Although the personified reader that Kincaid outlines, an ordinary and ignorant Westerner, may strike the readers as a prejudiced stereotype, the author provides a taste of the dehumanized “Otherness” that the Antiguans have endured for generations. No longer the tranquil
Jekyll writes in his confession “Many a man would have even blazoned such irregularities as I was guilty of; but from the high views that I had set before me, I regarded and hid them with an almost morbid sense of shame” (Stevenson 49). Jekyll’s alter-ego Hyde liberates him from the necessity to follow the social conventionality and rules; however, the sensation of deliverance becomes extremely addictive. Contrariwise to Dr. Jekyll, Mr. Hyde is a hideous character without any fears, conscience or remorse that capable to commit a murder. As Enfield describes Hyde to Utterson: “He is not easy to describe. There is something wrong with his appearance; something displeasing, something down-right detestable.
Have you ever wondered why people kill each other, the same species of animals killing each other just for the fun of it, why would and twisted mine do a bad thing like that? Imagined if you wanted to kill someone just for fun and you have that want to kill someone for fun. These are why serial killers kill and who or what motivates them. But not all killers are the same because I found out there are different types of serial killers like Power & Control killers want to find dominates and power over their victim like example,they want to feel like they make the rules on who lives and dies. Visionary killers kill because they have really bad visions of their past and their childhood and they might kill certain people because of what happened
Eventually, he learns this is the man who impregnated his wife, and Chillingworth begins to seek revenge. He moves in with Dimmesdale, and claims he will care for him, but the public cannot see that his intention is to torture Dimmesdale. Hawthorne explains, “The intellect of Roger Chillingworth had now a sufficiently plain path before it. It was not, indeed, precisely that which he had laid out for himself to tread. Calm, gentle, passionless, as he appeared, there was yet, we fear, a quiet depth of malice, hitherto latent, but active now, in this unfortunate old man, which led him to imagine a more intimate revenge than any mortal had ever wreaked upon an enemy” (126).
That deceives the reader into thinking that everything in the life of Richard Cory is perfect. People make this same mistake in real life, oftentimes with people suffering from mental illness on the receiving end. They see him this way because of the mask he wears: as a “gentleman from sole to crown” (Robinson 3). Their misconception leads to a probable shock after unearthing the events portrayed in the poem’s closing line when it is stated that he “went home and put a bullet through his head” (Robinson 16). The juxtaposition of the calm summer setting of the previous line also contributes to the climax’s impact.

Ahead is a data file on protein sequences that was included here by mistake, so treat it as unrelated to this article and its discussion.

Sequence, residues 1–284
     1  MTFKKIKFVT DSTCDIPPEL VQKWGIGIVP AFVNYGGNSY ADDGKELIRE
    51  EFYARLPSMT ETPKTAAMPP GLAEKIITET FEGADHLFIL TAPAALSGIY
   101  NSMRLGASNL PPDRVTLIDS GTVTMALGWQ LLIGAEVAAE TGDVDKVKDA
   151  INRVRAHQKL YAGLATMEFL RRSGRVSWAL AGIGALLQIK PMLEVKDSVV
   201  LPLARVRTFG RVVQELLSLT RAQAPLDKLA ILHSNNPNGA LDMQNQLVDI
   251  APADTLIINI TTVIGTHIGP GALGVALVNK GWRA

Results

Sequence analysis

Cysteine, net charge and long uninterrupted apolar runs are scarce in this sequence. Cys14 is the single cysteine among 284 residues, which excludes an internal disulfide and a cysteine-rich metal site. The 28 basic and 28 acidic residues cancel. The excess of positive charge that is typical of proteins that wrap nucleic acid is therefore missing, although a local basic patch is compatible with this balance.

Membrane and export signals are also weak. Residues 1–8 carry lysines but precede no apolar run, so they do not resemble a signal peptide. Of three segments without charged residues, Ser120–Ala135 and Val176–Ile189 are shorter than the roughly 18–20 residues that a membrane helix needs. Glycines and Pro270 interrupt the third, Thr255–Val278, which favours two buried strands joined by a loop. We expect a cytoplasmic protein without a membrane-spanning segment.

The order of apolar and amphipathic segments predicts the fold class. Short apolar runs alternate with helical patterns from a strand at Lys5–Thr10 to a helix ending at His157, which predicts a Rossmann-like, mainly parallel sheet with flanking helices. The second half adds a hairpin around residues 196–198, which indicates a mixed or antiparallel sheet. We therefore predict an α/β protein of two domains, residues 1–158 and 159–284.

Indifference is destructive and inhumane Indifference is defined by Elie Wiesel as lacking empathy or keeping silent while there is discrimination (Anthony, n.d.). He continues to say that indifference is a friend of the enemy because it benefits the aggressor and then disfavors the victims as they feel forgotten. There are two seemingly different speeches, one by Elie Wiesel a survivor of the Holocaust and another by Susan. B Anthony who spoke for women’s right, straight out a theme that the attitude of indifference is destructive and inhumane. The two speeches by Elie and Susan have different topics and subject.
Within Mary Shelley’s gothic novel, the viewer can identify how although society calls him a monster they still distinguish him from a human standpoint. Which can be witnessed through Shelley ’s language; her word choice illustrates that even though the characters label him a monster, they still hold him accountable the same way they would a human. A critical piece of language that classifies him as human is when Victor refers to him as a murderer, “I repaired to a criminal judge in the town, and told him I had an accusation to make; that I knew the destroyer of my family; and that I required him to exert his whole authority for the apprehension of the murderer” (Shelley, 202). The choice Victor made to call him a murder rather than a predator shows that the creature is more closely related to humans rather than animals. Furthermore, the creature is referred to as a murderer, meaning that he has developed the mental capacity to commit a crime.
In the novel In Cold Blood, Truman Capote explores aspects of Perry Smiths and Richard Hickocks childhoods that may have affected their psychology and lead to the 1959 Clutter family murder. The fact that Truman Capote included these memories and old letters from their past was to show that he thought it played a part in the greater problem although he does not directly say that. He gives the reader the choice to decide for themselves, whether they think the awful childhoods of the main characters were the reasons they thought it was acceptable to murder a family in their own home in cold blood, or weather it was completely and fully their choice to commit this crime. From the way the writer describes Smiths past, it gives the reader the impression of a difficult childhood. His family had abandoned him and gave him away to nuns, who mistreated him and gave him scarring memories.
This implies that even though Perry will murder her in cold blood, he still is considerate enough to make her feel at home. "Perry was not a gifted liar, or a prolific one" the diction of prolific puts the emphasis on that he doesn't lie very